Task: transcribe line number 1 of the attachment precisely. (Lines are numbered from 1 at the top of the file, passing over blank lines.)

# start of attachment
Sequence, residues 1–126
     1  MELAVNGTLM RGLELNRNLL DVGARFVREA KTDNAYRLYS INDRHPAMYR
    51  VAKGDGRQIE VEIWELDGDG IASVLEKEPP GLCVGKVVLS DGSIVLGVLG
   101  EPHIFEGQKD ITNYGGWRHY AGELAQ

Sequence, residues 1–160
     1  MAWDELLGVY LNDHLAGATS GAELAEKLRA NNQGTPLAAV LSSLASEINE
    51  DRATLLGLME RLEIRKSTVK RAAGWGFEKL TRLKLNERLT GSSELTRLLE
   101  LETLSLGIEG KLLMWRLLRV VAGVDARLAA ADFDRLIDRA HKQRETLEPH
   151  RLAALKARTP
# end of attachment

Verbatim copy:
Sequence, residues 1–126